‘Drug abuse now prevalent among women’
Drug use increasing among youths in Kaduna State especially among young ladies and married women. The use of drugs in the past was more popular among the male folk but now, the women folk are taking the lead.
Many young women are seen hanging out with men at drug joints taking varieties of drugs as well as non-conventional drugs like lizard excreta among others and as such they misbehave on the streets under the influence of the drugs.
In fact, some become mentally ill as a result of the prolonged use of the drugs.
Checks revealed that about 90 women have recently passed through rehabilitation at the National Drug Law Enforcement Agency (NDLEA) facility in Zaria.
A source told our correspondents that on a daily basis, women are being arrested over drug intake. He added that the setting up of a task force on illicit drugs by the Kaduna State government coordinated by NDLEA is yielding result in combating drug trafficking.
The task force is made up of personnel from Army, Airforce, SSS and the NSCDC.
Dr. Ebiti Williams, the Head of Clinical Services and also Head of Drug and Alcohol Treatment Unit at the Federal Neuropsychiatric Hospital in Kaduna said in an interview that Nigeria has not yet gotten the expertise to deal with substance use problem.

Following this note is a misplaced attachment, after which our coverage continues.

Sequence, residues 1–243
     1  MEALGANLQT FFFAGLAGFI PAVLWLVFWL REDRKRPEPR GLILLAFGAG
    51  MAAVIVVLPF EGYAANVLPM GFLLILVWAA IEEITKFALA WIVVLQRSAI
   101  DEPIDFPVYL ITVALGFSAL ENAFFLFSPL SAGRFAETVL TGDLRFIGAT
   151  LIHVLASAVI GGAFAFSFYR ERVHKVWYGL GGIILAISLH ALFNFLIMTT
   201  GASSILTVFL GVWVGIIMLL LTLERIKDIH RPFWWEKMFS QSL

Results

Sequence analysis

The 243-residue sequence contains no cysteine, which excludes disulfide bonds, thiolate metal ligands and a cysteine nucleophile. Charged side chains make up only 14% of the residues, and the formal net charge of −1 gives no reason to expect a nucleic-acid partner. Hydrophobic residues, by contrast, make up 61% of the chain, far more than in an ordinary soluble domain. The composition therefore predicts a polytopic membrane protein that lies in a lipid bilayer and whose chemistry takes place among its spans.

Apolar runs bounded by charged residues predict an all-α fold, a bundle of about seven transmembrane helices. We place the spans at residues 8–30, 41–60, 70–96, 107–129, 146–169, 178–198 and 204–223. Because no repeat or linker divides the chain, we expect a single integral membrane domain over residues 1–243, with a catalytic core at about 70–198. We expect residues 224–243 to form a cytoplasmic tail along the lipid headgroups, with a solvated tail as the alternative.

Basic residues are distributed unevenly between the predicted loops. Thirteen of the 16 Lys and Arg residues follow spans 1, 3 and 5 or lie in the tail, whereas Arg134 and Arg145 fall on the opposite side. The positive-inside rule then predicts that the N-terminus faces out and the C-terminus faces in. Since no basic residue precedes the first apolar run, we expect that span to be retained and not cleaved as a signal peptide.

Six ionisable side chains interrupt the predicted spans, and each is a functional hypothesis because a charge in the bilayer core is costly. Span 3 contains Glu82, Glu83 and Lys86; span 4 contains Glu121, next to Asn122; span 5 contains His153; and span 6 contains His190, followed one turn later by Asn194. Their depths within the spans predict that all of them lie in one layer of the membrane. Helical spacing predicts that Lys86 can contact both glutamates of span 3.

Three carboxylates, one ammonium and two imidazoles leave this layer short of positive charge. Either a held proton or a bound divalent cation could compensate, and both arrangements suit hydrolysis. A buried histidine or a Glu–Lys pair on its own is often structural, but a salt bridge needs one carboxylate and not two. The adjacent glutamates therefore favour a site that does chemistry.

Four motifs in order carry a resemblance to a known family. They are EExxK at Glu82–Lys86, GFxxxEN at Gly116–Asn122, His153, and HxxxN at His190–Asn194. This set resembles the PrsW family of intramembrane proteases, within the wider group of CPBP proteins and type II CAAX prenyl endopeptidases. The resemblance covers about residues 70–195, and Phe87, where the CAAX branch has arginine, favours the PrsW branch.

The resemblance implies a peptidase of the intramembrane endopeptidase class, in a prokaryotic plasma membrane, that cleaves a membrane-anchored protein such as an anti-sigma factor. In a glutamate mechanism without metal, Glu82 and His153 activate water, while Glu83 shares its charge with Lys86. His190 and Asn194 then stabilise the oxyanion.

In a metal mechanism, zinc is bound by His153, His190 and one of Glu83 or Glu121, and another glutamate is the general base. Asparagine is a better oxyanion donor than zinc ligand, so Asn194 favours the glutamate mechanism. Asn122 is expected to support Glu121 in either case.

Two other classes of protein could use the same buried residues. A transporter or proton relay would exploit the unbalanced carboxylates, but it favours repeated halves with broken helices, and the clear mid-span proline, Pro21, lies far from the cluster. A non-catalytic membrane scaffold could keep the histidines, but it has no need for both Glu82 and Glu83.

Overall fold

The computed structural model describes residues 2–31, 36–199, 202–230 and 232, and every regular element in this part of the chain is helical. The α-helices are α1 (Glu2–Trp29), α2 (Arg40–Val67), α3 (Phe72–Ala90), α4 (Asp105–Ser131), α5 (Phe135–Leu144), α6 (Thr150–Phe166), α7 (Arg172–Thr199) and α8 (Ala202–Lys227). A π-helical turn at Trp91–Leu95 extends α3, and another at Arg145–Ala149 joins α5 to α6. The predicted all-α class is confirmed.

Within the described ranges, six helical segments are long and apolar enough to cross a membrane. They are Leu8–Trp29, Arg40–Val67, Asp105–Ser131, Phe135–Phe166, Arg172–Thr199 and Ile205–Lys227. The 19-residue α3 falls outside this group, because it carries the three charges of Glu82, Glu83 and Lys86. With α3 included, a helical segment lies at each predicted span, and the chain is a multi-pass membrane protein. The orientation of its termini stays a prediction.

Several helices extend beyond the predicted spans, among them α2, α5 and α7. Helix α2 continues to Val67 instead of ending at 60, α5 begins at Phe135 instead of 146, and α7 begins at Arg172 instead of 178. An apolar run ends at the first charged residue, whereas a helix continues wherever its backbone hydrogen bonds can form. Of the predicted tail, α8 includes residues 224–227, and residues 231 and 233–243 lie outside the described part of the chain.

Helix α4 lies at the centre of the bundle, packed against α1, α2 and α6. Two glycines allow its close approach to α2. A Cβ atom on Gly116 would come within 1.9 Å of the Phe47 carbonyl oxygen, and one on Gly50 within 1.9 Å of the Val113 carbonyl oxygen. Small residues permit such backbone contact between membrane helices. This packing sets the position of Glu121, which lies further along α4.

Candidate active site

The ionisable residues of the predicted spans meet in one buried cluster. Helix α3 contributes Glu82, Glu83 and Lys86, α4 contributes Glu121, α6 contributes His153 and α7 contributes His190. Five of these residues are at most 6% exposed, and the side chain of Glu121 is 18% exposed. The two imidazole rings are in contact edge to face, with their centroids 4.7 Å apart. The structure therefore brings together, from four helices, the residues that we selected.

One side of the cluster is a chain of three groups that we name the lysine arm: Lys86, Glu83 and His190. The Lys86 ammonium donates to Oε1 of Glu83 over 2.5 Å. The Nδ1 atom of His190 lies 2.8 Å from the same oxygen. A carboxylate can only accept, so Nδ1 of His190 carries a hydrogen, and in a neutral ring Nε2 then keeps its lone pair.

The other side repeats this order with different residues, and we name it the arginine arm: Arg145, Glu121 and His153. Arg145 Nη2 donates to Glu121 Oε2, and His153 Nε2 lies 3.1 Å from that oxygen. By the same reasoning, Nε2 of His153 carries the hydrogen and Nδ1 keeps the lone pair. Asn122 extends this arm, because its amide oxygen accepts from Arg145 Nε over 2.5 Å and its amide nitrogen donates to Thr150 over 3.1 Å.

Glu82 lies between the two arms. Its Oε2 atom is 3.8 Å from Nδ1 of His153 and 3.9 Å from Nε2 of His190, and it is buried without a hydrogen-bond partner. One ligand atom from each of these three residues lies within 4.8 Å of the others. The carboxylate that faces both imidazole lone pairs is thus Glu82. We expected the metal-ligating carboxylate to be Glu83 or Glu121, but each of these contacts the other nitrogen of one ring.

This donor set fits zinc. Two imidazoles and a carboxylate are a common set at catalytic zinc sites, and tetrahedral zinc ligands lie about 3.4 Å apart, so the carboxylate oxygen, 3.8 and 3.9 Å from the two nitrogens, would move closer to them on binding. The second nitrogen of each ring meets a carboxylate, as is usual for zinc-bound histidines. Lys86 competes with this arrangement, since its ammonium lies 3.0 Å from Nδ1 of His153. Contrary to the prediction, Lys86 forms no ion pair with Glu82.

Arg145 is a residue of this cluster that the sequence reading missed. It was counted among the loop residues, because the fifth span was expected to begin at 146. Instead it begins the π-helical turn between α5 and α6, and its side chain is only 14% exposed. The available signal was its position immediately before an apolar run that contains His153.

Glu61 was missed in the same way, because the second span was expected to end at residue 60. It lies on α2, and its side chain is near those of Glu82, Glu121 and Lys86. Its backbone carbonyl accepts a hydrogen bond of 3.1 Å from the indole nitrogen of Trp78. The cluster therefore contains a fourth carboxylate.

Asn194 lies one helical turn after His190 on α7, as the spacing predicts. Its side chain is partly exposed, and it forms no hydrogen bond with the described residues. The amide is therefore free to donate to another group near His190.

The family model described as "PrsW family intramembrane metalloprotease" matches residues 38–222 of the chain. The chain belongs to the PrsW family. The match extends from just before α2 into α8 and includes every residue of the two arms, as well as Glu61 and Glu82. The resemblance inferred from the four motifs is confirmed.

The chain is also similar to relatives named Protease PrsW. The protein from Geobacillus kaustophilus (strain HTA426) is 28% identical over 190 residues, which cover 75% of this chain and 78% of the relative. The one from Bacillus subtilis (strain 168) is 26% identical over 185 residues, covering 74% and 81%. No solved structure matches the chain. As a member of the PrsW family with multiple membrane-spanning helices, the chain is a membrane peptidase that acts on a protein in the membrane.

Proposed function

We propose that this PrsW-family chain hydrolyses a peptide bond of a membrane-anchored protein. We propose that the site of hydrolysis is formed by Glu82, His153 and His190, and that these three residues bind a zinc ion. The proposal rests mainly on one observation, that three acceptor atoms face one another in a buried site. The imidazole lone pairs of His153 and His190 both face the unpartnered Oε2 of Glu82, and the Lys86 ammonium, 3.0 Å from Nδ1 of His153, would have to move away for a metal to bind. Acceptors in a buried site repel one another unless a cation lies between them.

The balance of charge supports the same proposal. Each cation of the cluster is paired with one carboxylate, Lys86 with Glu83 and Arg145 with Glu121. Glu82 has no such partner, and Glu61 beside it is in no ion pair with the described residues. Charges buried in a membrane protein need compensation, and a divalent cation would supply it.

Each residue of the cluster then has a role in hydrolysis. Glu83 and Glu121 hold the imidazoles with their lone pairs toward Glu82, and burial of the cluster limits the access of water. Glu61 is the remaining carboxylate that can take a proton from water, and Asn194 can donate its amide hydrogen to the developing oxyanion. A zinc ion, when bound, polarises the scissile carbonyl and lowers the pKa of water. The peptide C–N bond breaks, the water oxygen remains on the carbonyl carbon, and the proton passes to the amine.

“You see a lot of people saying they are treating patients with substance use problem but when you walk around the whole place, they are not really doing anything to deal with the problem. It is a multi-dimensional problem and as such, we need people with the expertise to be able to deal with substance use problem,”
“We need facilities to deal with substance use problem but have very few facilities that have expertise to do that. We a
is lot of training, while government needs to come up with policies to help the youths. Though, many of the kids using drugs are children of very rich parents and they use drugs not because they are down trodden or unemployed,” Ebiti said.
According to him, it is not something that government alone can deal with because of the multi-dimensional aspect of the problem.
“I have had the opportunity to talk to parents whose wards are using drugs and they will remain in denial until that child is about to kill them before they will want to do something. Proposing a bill to curtail drug abuse might not be the solution,” he said.
The menace he said is a societal problem that the society must rise up to deal with from that perspective; saying that only then can Nigeria curtail the menace of drug abuse.
He also said that the intake of tramadol is on the increase generally in Nigeria and much more in Kaduna just as other drugs are on the increase too especially among youths including male and female.
In his explanation, he stated that these drugs are more or less referred to as narcotics, that is, drugs that affect the functioning of the brain; noting that often the youths are affected socially, occupationally and educationally among others.